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Making sense of traffic



By Pinky Concha Colmenares

Pinky Concha Colmenares

Pinky Concha Colmenares

The word “traffic” has become the magic word to explain many things — from lateness in arriving at meetings, health problems, dents on the car, loss of productivity, or even loss of wallets or mobile phones that get forgotten in taxi cabs.

Without a doubt, traffic is a major issue in our lives. And our government is trying to work out various schemes to solve traffic, even if they can only hasten traffic flow by a few minutes. Those traffic solutions have even become news items that get shared and commented on in Facebook, which shows how close the issue of traffic is to everyone.

The most recent proposal comes in the form of a three-digit coding scheme for the holidays. The proposal is that vehicles with plate number ending in 1, 2,3 will be off the roads on Monday and Thursday; those ending in 4,5,6 can’t be on the road on Tuesday and Friday; those ending in 7,8,9,0 will be off the roads on Wednesday and Saturday.

I suppose Sunday is when all cars can use the roads — until the time someone will suggest to make Sunday a carless day as a contribution to clean air. The proposed scheme expects to reduce vehicle volume on the road by at least 30 to 40 percent.

Early last week, the Inter-Agency Council on Traffic (I-ACT) announced that they will open next week the gates of two government properties — one in Quezon City and the other in Pasay City — to allow private vehicles to pass through diversion roads to help ease traffic flow around the areas.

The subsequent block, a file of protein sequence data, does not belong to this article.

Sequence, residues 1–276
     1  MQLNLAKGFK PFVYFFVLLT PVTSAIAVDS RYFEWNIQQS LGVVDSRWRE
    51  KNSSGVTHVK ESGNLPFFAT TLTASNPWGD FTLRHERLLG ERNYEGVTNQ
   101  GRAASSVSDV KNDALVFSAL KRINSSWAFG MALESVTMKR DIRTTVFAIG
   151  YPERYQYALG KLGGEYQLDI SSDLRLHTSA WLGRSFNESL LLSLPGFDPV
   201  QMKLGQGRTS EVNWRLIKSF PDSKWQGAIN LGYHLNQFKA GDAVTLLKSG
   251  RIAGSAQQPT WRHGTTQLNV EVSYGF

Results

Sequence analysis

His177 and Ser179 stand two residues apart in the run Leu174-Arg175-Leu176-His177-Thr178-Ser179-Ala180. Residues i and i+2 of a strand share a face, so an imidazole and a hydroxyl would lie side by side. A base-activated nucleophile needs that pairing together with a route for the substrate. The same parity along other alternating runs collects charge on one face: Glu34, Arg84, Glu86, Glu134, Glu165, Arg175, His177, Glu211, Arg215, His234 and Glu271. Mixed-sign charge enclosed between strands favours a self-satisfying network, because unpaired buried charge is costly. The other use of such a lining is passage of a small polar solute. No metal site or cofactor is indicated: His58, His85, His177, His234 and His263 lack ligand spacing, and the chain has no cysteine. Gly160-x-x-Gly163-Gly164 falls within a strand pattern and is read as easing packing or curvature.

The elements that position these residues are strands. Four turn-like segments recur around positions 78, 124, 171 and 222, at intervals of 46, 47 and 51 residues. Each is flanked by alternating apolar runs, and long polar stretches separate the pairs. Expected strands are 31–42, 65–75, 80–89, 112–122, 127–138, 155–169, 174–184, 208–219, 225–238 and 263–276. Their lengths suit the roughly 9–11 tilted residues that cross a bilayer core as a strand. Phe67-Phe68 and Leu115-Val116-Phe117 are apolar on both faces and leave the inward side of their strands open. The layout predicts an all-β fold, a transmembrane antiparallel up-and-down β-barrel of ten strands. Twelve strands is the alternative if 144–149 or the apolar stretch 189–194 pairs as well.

Those are the gates of Camp Aguinaldo in Quezon City and the Office of Transportation Security (OTS) along Andrews Avenue and Tramo.  Five more military camps will be opened to the public within the next two weeks to help ease traffic in the metropolis Christmas season. But to use the diversion roads, motorists have to apply for a sticker to gain entry into the camp.



At Camp Aguinaldo, motorists will be allowed to use a diversion road in the camp going to and from EDSA-Santolan and Katipunan Avenue in Quezon City. The diversion roads will be open Monday to Friday, from 6 a.m. to 10 p.m., until January 15, next year.

Vehicles coming from EDSA can enter Gate 3 and exit at Gate 6 going to Boni Serrano, and Gate 5 going to White Plains, vice versa.

The opening of the gates expects to reduce a volume of 200 vehicles per hour on Boni Serrano Avenue, White Plains Avenue and other major thoroughfares.

By now, everyone is expecting an even denser volume of vehicles on the roads as the Christmas season draws near. We need more creative schemes to ease traffic flow.

Some of those schemes can come from each motorist and it can start with a strong resolve to cut the number of car trips. And for those who want to do more, it can be the mere act of leaving our cars at home at least twice a week (not on our coding days), and taking a walk to the corner to take public transportation.

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